My best friend is the life partner I met eight months after my wife and I separated. We'd been high school sweethearts who hadn't seen each other in thirty years. Then in the late 1980s, a couple of years after her husband died of a brain tumor in Baltimore, she read in our high school alumni magazine that I lived nearby and contacted me. We've been together since.
But many other boyhood, high school, college, graduate school, teaching-career, and retirement friends have brightened my life too. And some of my most durable friendships have been with people like Gaius Lucretius, Philip Freneau, Herman Melville, and John Updike, who introduced themselves to me solely in print. The web of sympathy, help, and knowledge these and countless other "strangers" have been weaving for me for thousands of years much consoles me for having to die.
A final kind of solace I feels flows less from the fact that life is good than from the fact that dying's not so bad. Personal experience with scores of terminal patients during the past fourteen months has taught me that, with good medical care, no one needs to fear major discomfort, much less agony, when they die. Once a week I volunteer a six-hour shift with hospice patients at the extreme end of life. Few of these so-called "actively dying" patients show much sign of pain, agitation, or restlessness, and if they do I summon help. A nurse then gives them whatever pain-killer, anti-coagulant, relaxant, or other medicine they may need. Sometimes the problem is positioning in the bed or reflex muscle motion. Many of my patients sleep the whole time I'm there.
In the past year, I've been alone with four who have died. None of these showed any perturbation, alarm, or pain. Two gradually stopped breathing, one slightly opening her eyelids after a final breath, the other breathing a few bubbles of saliva onto her lips. The other two died so quietly I didn't even notice. One must have died when she was being repositioned by two aides, because neither the aides nor I saw she was dead until they'd left and, looking at her closely, I saw she wasn't breathing. The other died while I was reading to myself next to his bed. Though as always I was glancing up every fifteen or twenty seconds to see, and keeping an ear cocked to hear, whether his breathing had changed, I never saw or heard it stop. He died without a sound or movement.
I consider this kind of death the best a person can have. The worst is to die in an agony caused by physical violence or disease without medical help. In between are of course many others, one of which is life's becoming the enemy and death the friend. I have no idea whether Freud's death-wish theory is true, but I do know several people who want to die. One's a 101-year-old who's been in hospice for years and who cheerfully tells me every time I see him that he's tired of life and wants it to end. Another is a 93-year-old who worries she'll use up all her money and not have enough to support herself, much less leave her heirs, before she dies.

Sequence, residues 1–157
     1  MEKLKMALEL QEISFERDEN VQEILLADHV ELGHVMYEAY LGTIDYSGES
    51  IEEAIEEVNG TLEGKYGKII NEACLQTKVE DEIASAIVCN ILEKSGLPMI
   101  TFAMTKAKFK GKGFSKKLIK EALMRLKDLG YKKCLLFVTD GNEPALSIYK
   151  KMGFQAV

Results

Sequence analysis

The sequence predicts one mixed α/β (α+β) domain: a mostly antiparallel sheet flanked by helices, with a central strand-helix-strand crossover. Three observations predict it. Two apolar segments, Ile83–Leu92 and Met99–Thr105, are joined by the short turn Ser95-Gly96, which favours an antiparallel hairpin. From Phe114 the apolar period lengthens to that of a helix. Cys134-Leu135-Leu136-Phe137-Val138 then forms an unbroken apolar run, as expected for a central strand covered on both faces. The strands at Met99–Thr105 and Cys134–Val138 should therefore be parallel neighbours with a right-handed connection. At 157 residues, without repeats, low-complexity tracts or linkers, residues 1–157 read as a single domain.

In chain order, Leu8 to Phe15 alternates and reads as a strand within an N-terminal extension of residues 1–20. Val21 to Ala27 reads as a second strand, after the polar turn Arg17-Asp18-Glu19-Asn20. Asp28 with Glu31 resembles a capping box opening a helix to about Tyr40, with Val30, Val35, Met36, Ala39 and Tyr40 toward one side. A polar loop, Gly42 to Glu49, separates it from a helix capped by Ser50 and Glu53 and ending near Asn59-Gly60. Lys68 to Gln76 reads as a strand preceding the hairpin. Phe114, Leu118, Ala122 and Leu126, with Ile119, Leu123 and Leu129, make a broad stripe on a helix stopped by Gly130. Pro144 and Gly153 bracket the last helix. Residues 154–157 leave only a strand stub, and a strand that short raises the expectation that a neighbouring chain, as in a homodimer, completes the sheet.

I'm sure many other, younger people want to have done with it too. I myself, at age seventy-five, feel my life's already been satisfying enough not to need anything more to make it worthwhile -- and I'm still fit (despite recent medical problems), clear-headed, and jolly enough to enjoy being alive. On the other hand, people who suffer grinding pain, hopeless disappointment or failure, or abject poverty may find more solace for dying in death itself than in my kind of satisfaction with life. To them, dying may be a welcome release from the torment of living.
This leads to a final question: Should we try to control death by timing it? I think all reasonable people would like to know in advance, at least roughly, when they will die. I for one hope to die well before I fall apart physically or metally. I and many other people don't want to be profoundly debilitated in old age. We'd rather, like the sufferers in the last paragraph, find our solace for dying in literally dying. We feel our lives might become so diminished that dying would be the better alternative. Unlike the voice-over narrator in Stanley Kubrick's Full Metal Jacket, who at one point says that "the dead know only one thing -- it's better to be alive," we say that the dead's utter obliviousness to such nonsense and their freedom from misery rightly makes them attractive role models to many people.
The only way I know of to try to time death is either to refuse medical treatment for a mortal illness or injury or to commit suicide. While I plan to ponder the first option carefully when and if the time comes, I plan never to do the second, mainly because my own father's suicide would make mine seem like an Ernest Hemingway-like imitation. I simply will not burden my own children with that.
But in general, and with the standard caveats against rashness, immaturity, treatable depression, abandonment of dependents, botched attempts, killing yourself to kill others, and the like, I respect suicide as a last resort for anyone whose life has become intolerable. I see it as a genuinely inalienable right, not because a higher power says it is but because it's available to almost anyone who needs it and is willing to pay the physical price it can cost. Its availability and permanence (if successful) makes it, oddly enough, a sort of sure-fire solace for dying to anyone determined to control his own death by causing it.